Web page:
Coral Reefs

, Volume 28, Issue 1, pp 207–207 | Cite as

Coral-feeding wrasse scars massive Porites colonies

Reef Site
Coral-feeding fish can be broadly categorised into polyp and skeletal feeders. Skeletal feeders (e.g. Scarids, Tetraodontids) remove coral skeleton in addition, to coral tissue and can have dramatic influences on the coral community (Cox 1986). In contrast, most coral-feeding fish remove coral polyps and mucous without harming the underlying corallite, thus leaving no visible evidence of predation. This has subsequently led to the assumption that polyp-feeding fishes have only minor impact on prey corals (reviewed by Cole et al. 2008). However, in Kimbe Bay, Papua New Guinea, intense predation by the mucous feeding tubelip wrasse, Labrichthys unilineatus leads to distinct feeding scars on massive Porites colonies. Individual fish were observed to rapidly mouth the coral and repeatedly returned to the exact same point to feed presumably to exploit excess mucous production following the initial injury (McIlwain and Jones 1997). This repetitive mouthing left conspicuous white circular marks. Most scars were small, typically less than 1 cm in diameter (Fig. 1a). However, larger scars were occasionally observed. One such scar was monitored, where at least eight larger L. unilineatus individuals (8–12 cm TL) repeatedly fed in the same exact location, causing visible expansion of this scar (≈8 cm2) over a 4-h period (Fig. 1b, c).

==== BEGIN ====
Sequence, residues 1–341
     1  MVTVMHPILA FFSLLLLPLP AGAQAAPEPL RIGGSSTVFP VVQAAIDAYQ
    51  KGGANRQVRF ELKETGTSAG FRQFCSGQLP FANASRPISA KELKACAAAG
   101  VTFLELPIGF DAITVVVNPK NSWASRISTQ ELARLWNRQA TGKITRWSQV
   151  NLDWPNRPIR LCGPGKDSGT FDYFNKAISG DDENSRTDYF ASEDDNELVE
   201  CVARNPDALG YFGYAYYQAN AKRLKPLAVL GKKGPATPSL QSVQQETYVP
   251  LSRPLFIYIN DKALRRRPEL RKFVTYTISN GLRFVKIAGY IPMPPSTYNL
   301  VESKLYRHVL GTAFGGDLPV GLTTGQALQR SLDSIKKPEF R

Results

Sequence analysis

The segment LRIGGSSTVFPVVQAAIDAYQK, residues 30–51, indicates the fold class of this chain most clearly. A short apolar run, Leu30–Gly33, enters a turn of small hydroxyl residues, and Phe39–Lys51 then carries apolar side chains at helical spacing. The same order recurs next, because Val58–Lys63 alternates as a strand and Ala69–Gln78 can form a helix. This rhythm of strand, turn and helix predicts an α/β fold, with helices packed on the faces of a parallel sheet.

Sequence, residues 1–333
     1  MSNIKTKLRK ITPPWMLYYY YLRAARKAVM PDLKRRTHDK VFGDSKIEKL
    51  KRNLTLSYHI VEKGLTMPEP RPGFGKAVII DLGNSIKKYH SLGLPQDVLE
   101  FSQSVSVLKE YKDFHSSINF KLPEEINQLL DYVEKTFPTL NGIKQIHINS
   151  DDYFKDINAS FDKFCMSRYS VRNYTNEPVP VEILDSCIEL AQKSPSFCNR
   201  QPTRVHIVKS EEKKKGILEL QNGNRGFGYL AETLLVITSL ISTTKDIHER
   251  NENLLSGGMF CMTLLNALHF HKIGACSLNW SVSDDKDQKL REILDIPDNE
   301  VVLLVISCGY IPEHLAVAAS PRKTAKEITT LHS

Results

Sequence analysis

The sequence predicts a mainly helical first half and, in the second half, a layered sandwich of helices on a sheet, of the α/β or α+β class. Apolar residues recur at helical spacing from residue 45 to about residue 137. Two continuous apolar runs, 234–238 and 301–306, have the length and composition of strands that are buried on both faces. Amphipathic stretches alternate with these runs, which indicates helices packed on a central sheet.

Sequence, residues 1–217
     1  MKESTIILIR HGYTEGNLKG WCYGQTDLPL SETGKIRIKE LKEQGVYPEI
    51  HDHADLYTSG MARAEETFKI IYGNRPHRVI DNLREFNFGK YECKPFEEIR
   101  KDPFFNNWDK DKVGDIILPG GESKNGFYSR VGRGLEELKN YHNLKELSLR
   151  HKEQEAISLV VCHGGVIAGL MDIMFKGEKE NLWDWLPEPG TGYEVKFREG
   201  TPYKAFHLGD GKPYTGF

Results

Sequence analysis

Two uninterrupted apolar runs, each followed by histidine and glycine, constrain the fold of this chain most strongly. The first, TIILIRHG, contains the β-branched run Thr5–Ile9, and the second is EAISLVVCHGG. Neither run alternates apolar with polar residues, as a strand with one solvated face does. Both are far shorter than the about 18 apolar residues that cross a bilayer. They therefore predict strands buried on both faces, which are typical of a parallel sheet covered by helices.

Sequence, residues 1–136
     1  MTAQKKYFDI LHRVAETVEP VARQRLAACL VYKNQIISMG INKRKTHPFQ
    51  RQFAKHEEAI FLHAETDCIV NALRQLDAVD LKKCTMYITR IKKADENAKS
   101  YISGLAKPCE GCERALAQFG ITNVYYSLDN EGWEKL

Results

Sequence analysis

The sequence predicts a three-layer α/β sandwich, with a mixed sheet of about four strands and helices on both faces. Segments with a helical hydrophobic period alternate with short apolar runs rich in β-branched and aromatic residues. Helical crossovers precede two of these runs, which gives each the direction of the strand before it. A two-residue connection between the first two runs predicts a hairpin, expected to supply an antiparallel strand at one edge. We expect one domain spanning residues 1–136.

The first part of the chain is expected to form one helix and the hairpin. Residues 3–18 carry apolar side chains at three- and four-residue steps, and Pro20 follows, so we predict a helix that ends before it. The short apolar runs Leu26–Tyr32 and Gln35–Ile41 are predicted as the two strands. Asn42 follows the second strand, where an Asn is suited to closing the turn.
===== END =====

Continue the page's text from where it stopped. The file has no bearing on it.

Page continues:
Fig. 1

(a) Massive Porites colony showing typical scarring following predation by L. unilineatus. (b) Expansion of feeding scar over a 4-h period, photo taken at 10 a.m. and (c) 4 h later. Scale bar 20 mm. Asterisks identify the same polyp

Not all massive Porites colonies had feeding scars, however, when scars were observed they were usually numerous (Fig. 1). The relatively flat, two-dimensional surface of massive Porites colonies may enable L. unilineatus to feed more efficiently and remove a greater amount of tissue per bite compared to more complex branching species. The energetic cost of chronic predation by small piscine corallivores is often considered to be negligible, but extensive tissue loss as observed on Porites colonies will clearly require considerable investment in repair and may facilitate the establishment of disease or epibionts (e.g. Spirobranchus giganta).


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  3. McIlwain JL, Jones GP (1997) Prey selection by an obligate coral-feeding wrasse and its response to small-scale disturbance. Mar Ecol Prog Ser 155:189–198CrossRefGoogle Scholar

Copyright information

© Springer-Verlag 2008

Authors and Affiliations

  • A. J. Cole
    • 1
    • 2
  • M. S. Pratchett
    • 1
    • 2
  • G. P. Jones
    • 1
    • 2
  1. 1.ARC Centre of Excellence for Coral Reef StudiesJames Cook UniversityTownsvilleAustralia
  2. 2.School of Marine and Tropical BiologyJames Cook UniversityTownsvilleAustralia

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